Area hospitals surrounding Edwards and White Counties have had to make some serious adjustments as they prepare to fight COVID-19

Although a majority of the Novel Coronavirus cases are located in Chicago and the collar counties surrounding it, hospitals throughout the state have had to make preparations for a potential outbreak in their respective areas. Public health officials at the state level are attempting to make sure the hospitals located in a more rural setting have all the resources they need, should an outbreak occur in their area.

“So, we're keeping a close eye on that,” Illinois Department of Public Health Director Dr. Ngozi Ezike said Wednesday in a report by Capital News. “As we look right now, I think our hot spot is more northern Illinois … but we're keeping an eye on all the beds, the ICUs, the ventilators and the availability of those, and we potentially, we’ll have to do some moving of things, but we are also looking at what the needs will be there.”

The story also cited comments from Danny Chun, a spokesman for the Illinois Health and Hospital Association, stating his belief that rural hospitals throughout the state are well prepared to treat a surge of Novel Coronavirus patients if the need arises.

 “They are very prepared,” he said, citing two major trends in health care: industry consolidation over the past five to 10 years into health care “systems” that have the ability to share resources, and regional planning.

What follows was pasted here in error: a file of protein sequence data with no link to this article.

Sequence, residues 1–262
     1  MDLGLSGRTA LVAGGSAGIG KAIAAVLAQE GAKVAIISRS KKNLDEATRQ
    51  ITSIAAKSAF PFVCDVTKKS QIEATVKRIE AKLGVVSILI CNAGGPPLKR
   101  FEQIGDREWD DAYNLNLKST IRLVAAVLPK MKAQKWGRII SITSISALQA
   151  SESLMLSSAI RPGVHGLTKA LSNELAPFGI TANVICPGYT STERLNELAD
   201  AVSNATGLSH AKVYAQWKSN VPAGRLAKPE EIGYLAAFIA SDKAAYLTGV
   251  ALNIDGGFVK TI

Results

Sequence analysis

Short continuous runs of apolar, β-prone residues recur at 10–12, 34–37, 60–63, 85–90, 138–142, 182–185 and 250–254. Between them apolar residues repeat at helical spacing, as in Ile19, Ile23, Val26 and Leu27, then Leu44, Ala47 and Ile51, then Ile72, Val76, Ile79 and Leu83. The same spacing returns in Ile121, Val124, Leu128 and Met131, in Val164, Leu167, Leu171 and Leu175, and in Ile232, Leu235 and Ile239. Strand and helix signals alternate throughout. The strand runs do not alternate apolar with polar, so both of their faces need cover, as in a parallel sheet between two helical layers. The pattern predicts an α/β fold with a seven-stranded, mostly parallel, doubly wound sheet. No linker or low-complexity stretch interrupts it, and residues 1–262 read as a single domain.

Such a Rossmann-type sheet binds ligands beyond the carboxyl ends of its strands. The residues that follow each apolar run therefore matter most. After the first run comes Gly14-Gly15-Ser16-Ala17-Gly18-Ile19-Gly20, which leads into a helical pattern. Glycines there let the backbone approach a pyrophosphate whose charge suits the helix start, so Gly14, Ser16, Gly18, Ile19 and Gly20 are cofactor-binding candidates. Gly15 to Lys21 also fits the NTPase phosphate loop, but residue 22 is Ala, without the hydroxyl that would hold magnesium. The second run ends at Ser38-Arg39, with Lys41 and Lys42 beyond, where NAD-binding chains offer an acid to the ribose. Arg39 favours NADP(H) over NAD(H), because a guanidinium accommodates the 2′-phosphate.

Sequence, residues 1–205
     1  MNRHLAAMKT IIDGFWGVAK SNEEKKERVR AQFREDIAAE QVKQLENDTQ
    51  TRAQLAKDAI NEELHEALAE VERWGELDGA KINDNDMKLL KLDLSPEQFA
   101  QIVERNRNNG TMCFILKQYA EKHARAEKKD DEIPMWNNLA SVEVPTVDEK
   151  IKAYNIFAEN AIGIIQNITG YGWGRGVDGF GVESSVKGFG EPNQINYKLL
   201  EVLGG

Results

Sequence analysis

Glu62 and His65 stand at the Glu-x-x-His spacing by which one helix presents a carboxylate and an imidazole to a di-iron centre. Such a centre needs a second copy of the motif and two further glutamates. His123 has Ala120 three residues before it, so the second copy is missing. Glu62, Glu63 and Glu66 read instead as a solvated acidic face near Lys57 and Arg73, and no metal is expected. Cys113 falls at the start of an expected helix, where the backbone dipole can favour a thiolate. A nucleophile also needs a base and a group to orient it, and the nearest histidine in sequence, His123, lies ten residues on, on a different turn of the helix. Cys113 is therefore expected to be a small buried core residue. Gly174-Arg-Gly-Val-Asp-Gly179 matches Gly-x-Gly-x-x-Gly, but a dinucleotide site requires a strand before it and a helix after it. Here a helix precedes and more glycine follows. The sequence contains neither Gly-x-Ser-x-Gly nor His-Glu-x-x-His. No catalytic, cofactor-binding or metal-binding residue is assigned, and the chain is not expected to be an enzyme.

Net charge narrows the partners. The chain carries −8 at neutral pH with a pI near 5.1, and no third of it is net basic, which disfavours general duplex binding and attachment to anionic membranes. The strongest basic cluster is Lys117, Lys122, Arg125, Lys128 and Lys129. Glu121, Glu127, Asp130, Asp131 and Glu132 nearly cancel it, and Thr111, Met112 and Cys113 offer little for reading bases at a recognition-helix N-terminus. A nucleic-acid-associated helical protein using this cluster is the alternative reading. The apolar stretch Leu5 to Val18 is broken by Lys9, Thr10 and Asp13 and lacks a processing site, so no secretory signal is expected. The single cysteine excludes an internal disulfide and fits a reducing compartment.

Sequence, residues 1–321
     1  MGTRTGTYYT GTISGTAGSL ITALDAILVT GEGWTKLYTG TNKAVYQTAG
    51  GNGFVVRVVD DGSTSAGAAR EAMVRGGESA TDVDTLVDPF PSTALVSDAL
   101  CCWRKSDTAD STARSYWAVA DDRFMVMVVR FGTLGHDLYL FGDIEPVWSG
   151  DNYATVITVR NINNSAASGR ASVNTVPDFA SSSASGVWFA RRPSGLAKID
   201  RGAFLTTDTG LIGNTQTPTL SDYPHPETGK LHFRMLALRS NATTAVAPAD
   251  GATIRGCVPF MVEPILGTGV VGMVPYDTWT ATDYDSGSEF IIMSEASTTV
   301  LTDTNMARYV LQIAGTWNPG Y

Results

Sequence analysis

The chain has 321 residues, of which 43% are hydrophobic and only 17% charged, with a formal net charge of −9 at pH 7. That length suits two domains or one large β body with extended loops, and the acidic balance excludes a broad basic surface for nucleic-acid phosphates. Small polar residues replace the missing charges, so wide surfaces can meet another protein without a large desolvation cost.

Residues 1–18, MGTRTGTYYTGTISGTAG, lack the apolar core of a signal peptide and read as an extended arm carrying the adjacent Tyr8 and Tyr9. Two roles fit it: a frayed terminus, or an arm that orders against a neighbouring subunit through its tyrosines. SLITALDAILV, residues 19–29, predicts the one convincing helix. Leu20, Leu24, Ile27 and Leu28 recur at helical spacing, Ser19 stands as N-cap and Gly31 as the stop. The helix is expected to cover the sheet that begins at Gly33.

“A lot of small and rural hospitals, critical access hospitals, are now part of large systems, like OSF, HSHS, Carle, Southern Illinois Health,” Chun said.

“Then there's an existing structure within the state of Illinois — they’re called Regional Health Care Coalitions,” he added. “There are 11 coalitions throughout the state covering every area of the state, including southern and central Illinois, where all the health care providers in that region get together in terms of emergency planning, pandemic planning, emergency exercises. That's been in place for years.”

One area hospital is part of one of the health care systems noted by Chun.

“Our integration with Carle benefits patients by extending the services we offer and the quality care they receive,” said Harry Brockus, CEO of Carle Richland Memorial Hospital. “We recently launched EPIC, a new electronic health record, which helps us consult with experts at other facilities and monitor their health locally even if they are transferred to higher levels of care.

“Carle health system support also ensures greater access to patient resources including a 24-hour COVID-19 hotline and online assessment tool.”

Danielle Stevens, Executive Vice President of Business Development and Foundation at Wabash General Hospital, explained a portion of the hospital’s effort to combat the virus and the financial challenges that come with doing so after consulting with WGH President and CEO Karissa Turner and Chief Operating Officer Tamara Gould. The first thing she noted was that the cost to fight the virus is an ongoing one.

“We are still spending money daily to reconcile those at this time would be premature,” said Stevens on the cost the hospital has expended to prepare for a potential spread of COVID-19.

For the rest of the story, check out this week's Navigator.